Carpooling with Gonzalo Higuain apparently isn’t all it’s cracked up to be. Next-door neighbours in Milan for a while, Suso and his new teammate used to take turns driving each other the 30 or so miles to training at Milanello. Not much of a morning person, you get the impression Suso would happily spend the journey gradually waking up. But Higuain wants to chat.
“He talks and talks and talks,” Suso laughs. Anyone who’s watched the Argentine play can understand. He’s always muttering away at something.
“At times I want to pull over on the motorway and let him out,” Suso jokes.
That the two get on is obvious. Suso has set up Higuain’s past three goals at San Siro and disrupting the pair of them will surely be the priority of Inter’s game plan for Sunday’s eagerly anticipated Derby della Madonnina.
“He’s a champion,” Suso says of the team’s €54 million signing. Higuain hasn’t stopped scoring since he opened his account against Cagliari in mid-September — the streak is in its sixth game — and, for the first time since Pippo Inzaghi’s retirement, it looks as though Milan have a No. 9 worthy of the illustrious names to have honoured that shirt in the past.
Suso knew they’d hit off because “when two people know a thing or two about football, it’s only a matter of time,” he says, before they start to understand each other and, in this case, the goals start to flow.
“You’ve seen him play before,” Suso says. “But until you’re on the pitch and on the same team together and get to see how he moves, what he does, what he likes, what he doesn’t like …”
And now that they find themselves on the same wavelength, they are proving quite the dynamic duo.
Suso is in the form of his life. No one apart from Jadon Sancho can match him for assists in Europe’s top five leagues this season. The 24-year-old has six in seven games and laid on another two for Spain against Wales last week as well as crashing a shot against the woodwork. “Physically and mentally, I think it’s the best moment of my career,” he says. Milan haven’t seen wing play like this perhaps since the days of Roberto Donadoni, who, it so happens also used to wear the No. 8 jersey Suso dons today.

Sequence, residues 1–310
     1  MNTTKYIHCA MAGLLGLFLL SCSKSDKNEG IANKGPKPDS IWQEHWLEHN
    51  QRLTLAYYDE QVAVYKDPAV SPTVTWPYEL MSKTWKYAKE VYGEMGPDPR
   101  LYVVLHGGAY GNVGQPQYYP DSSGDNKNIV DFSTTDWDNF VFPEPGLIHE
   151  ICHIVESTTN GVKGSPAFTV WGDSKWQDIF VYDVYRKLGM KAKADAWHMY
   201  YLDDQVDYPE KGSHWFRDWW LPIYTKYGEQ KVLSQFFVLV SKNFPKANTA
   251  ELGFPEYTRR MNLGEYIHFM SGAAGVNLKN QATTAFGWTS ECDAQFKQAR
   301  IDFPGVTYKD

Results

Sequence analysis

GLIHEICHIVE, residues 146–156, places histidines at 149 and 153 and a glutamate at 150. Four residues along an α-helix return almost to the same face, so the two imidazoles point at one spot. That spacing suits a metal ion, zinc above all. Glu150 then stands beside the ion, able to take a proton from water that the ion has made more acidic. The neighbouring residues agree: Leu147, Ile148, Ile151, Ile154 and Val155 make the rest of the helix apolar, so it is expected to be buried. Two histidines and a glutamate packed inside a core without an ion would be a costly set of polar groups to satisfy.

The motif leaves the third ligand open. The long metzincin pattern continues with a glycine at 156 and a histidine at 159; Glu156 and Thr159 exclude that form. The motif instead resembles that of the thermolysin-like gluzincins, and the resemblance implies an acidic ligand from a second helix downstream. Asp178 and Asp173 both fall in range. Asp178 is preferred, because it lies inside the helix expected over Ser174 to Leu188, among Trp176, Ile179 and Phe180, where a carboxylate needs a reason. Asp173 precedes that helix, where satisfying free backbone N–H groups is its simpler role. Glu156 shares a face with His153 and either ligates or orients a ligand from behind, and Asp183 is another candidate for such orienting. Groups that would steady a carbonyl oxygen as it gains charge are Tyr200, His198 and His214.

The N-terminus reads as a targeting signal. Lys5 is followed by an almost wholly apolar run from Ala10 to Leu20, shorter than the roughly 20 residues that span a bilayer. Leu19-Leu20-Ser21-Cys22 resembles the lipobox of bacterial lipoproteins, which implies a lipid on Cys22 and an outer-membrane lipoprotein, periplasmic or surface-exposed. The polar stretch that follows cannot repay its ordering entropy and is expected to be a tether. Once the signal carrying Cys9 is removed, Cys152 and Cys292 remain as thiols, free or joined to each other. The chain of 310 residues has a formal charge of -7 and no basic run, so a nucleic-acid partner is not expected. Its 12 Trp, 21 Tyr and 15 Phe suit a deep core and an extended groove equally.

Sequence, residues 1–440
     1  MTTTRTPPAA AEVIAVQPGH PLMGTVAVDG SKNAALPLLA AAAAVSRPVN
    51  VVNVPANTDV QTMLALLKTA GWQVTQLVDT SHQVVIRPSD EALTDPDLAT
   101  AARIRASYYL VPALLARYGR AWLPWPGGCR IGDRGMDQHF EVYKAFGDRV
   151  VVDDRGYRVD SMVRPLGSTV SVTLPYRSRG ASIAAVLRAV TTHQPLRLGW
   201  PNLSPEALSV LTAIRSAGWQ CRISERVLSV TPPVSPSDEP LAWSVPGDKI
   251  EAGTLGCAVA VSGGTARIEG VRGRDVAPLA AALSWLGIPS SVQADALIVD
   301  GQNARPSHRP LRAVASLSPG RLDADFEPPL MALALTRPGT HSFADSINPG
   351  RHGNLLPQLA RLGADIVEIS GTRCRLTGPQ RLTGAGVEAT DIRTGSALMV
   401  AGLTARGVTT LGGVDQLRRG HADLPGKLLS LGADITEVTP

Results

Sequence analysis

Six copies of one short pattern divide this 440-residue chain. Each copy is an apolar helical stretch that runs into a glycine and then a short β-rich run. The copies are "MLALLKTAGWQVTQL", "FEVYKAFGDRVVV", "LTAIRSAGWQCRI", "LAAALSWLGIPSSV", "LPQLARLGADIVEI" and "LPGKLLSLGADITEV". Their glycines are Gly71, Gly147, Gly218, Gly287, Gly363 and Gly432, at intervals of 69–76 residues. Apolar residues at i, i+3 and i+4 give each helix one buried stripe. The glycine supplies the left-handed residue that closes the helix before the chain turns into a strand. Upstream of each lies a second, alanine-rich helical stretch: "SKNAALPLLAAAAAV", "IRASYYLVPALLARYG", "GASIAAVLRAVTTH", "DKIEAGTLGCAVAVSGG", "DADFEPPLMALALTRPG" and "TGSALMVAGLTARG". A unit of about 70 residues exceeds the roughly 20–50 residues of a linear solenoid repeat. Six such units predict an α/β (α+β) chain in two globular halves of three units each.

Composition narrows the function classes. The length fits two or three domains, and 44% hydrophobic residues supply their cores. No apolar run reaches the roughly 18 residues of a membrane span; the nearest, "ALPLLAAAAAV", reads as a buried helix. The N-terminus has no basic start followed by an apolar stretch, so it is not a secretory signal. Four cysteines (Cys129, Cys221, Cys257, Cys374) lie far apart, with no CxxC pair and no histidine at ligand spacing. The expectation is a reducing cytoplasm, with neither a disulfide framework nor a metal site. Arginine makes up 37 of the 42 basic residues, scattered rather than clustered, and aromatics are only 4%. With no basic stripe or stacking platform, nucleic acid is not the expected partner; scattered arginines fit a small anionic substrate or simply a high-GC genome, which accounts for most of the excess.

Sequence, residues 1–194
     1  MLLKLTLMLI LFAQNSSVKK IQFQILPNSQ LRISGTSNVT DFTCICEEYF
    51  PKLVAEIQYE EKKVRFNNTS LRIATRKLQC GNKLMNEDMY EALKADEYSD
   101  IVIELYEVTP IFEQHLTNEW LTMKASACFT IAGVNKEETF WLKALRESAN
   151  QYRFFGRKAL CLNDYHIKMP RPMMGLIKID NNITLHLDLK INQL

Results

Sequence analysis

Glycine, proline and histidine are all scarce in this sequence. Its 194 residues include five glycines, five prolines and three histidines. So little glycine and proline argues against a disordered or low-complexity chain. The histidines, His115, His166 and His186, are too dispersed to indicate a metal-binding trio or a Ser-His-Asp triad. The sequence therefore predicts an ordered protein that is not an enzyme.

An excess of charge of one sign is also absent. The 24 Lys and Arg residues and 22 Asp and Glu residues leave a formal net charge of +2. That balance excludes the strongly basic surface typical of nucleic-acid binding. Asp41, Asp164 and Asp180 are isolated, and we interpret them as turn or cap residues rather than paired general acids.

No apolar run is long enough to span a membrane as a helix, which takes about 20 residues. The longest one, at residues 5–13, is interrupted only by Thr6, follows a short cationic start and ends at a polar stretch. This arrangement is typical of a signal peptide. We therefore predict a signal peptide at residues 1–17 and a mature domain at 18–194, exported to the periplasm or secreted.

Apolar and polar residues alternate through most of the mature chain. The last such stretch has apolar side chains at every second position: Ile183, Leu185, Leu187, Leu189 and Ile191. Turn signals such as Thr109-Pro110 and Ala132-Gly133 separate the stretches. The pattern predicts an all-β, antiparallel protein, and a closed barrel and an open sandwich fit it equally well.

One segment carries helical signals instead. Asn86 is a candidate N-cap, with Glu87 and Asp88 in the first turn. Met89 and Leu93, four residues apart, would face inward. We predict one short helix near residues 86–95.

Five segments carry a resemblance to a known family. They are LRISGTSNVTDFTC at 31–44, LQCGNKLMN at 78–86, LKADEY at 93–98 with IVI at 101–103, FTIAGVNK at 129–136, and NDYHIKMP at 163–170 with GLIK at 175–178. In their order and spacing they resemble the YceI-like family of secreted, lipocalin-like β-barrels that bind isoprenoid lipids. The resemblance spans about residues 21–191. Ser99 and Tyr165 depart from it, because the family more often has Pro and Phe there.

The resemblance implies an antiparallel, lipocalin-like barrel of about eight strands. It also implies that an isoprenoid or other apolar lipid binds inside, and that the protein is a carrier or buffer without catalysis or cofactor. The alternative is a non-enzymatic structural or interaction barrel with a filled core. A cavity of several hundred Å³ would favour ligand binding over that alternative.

As with Arjen Robben, everyone knows exactly what Suso plans to do when he gets the ball, but it simply doesn’t matter. Explaining how he manages to find unpredictability in being so predictable, he says: “It’s about timing. Choosing the right moment. Watching the body position of your opponent. [Lionel] Messi always does the same move and you know it’s coming [but no one can stop him]. To be clear, I’m not comparing myself to him. I think it’s just something that comes naturally to you.”
Of the wingers playing today, Suso says: “There’s one I love: [Eden] Hazard. He plays on the left, but he’s right-footed. He’s one of the best players to watch. The way he runs with the ball and goes into one-v-ones. He’s one of the players I like most.”
Growing up in Cadiz, Suso adored Kaka, and when he outlines why, it’s clear he isn’t just saying so out of a sense of obligation to the club he has played for these past four years.
“He was so quick when he got the ball,” Suso says. “He used to go past players with such ease, and when he was in front of goal he had that composure you need to score.”
This is something Suso himself is working on. There’s a case to be made that a player of his skill and ability should be getting on the score sheet more. Suso’s goals against Sassuolo in late September were his first in seven months.
Running over to celebrate with Gennaro Gattuso, the bond between this promising young team and its coach is noticeably strong. Earlier this week, Milan captain Alessio Romagnoli said he’d “die” for Gattuso, and in light of Higuain telling La Gazzetta dello Sport, “I agree with Alessio,” Suso understands the sentiment.